[Openmcl-devel] Quick HW question...
j-anthony at comcast.net
Tue Nov 16 15:06:05 UTC 2010
Many Thanks for the info.
On Mon, 2010-11-15 at 14:32 -0700, Gary Byers wrote:
> Someone asked about the i7, and I remember professing ignorance (several
> paragraphs of it.)
> The Mac Pro (at least some models) use/have used Intel XEON processors
> which in turn use HTT; it's reasonable to assume that the OSX scheduler's
> been HTT-aware for some time. (I don't know if it's true, but it's a
> reasonable assumption.)
> CCL uses spinlocks on most platforms; acquiring a spinlock involves a
> loop like:
> (block got-lock
> (dotimes (i *spin-lock-tries*)
> (if (%store-conditional something somewhere)
> (return-from got-lock t)))
> where *spin-lock-tries* is 1 on a uniprocessor system and maybe a few
> thousand on a multiprocessor system. On a system that uses
> hyperthreading, that sort of loop interferes with the hardware's
> ability to schedule another hardware thread, and it's necessary to
> use a special "pause" instruction (a kind of NOP) in the loop to
> advise the hardware that the current thread wasn't really making
I've seen something like that idiom in some LAP function(s), with the
'pause' instruction included. But there was an additional outer loop of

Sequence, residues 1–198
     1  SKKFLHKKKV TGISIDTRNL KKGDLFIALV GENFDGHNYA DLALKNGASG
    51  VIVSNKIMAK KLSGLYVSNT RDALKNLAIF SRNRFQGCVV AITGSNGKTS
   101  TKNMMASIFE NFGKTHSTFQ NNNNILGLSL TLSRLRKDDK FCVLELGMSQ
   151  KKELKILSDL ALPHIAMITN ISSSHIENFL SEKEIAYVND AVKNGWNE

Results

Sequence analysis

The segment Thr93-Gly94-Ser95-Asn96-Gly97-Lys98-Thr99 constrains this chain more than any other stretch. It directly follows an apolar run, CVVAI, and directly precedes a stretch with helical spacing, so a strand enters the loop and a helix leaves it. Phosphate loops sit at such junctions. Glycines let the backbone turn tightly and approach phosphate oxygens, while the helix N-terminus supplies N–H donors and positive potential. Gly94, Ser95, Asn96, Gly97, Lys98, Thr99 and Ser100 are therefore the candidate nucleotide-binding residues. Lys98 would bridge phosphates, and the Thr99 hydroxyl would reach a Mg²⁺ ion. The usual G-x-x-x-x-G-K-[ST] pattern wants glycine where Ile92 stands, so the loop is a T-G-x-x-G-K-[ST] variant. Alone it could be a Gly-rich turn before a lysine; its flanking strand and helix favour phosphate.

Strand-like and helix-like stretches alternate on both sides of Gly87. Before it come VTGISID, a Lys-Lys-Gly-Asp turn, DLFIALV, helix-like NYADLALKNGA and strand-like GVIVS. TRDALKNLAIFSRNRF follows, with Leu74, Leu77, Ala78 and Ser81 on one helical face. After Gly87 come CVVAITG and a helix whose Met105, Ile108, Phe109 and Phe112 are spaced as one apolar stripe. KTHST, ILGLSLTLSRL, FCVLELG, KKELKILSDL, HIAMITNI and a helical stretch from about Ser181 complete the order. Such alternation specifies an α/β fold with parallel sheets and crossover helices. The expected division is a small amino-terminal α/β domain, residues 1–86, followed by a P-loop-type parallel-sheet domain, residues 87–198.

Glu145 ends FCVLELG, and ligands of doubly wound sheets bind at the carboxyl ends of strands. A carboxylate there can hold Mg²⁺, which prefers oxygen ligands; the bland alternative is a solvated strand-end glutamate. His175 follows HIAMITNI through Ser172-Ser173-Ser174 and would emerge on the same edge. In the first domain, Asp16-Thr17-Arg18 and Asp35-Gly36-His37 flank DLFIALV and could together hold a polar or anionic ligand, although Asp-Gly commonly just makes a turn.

"timeout tries", with yields for each, where a yield is a punt to the
OS. This was on Linux x8632.
> While profiling a customer's application a few years ago, we found
> that - when run on XEONs - a lot of time was reported as being spent
> looping around waiting for spinlocks. I said "D'oh!" and added a
> "pause" instruction on the execution path, but that didn't make things
> better; on Linux, we replaced the use of spinlocks with a slightly
> more expensive mechanism, and (paradoxically) things improved, at least
> on the XEONs.
> That never made sense to me, and I always suspected that something was
> just wrong in the implementation (the "pause" instruction happened
> out-of-line) or that we were seeing profiling artifacts. At the time,
> there wasn't time to explore this issue more fully, but those suspicions
> have lingered.
> CCL generally does a lot less locking (of hash-tables, streams, ...)
> than it did a few years ago. We still use spinlocks (some) on
> non-Linux platforms, so if there was a bad interaction between spinlock
> loops and hyperthreading it's likely still there but may not show up
> as often.
OK, noted (and those lockless entities are definitely nice!)
> Other than that issue, I'm not aware of any way in which HTT is directly
> visible to non-OS code.
> On Mon, 15 Nov 2010, Jon Anthony wrote:
> > Hi,
> > I know the Wiki page for SysReq states no known issues with X86_64, but
> > I seem to recall something passing through here about some "issue" with
> > Intel Core i7 on Mac, or maybe generally, or am I just plain
> > misremembering? On a related note, does MacOS understand HTT (does it
> > know the diff between physical and logical cores)? Thanks for any info!
> > /Jon
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